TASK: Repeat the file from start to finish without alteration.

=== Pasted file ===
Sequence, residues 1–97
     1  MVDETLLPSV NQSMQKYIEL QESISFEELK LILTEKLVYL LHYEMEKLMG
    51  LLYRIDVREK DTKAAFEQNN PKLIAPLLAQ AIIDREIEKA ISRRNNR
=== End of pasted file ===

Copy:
Sequence, residues 1–97
     1  MVDETLLPSV NQSMQKYIEL QESISFEELK LILTEKLVYL LHYEMEKLMG
    51  LLYRIDVREK DTKAAFEQNN PKLIAPLLAQ AIIDREIEKA ISRRNNR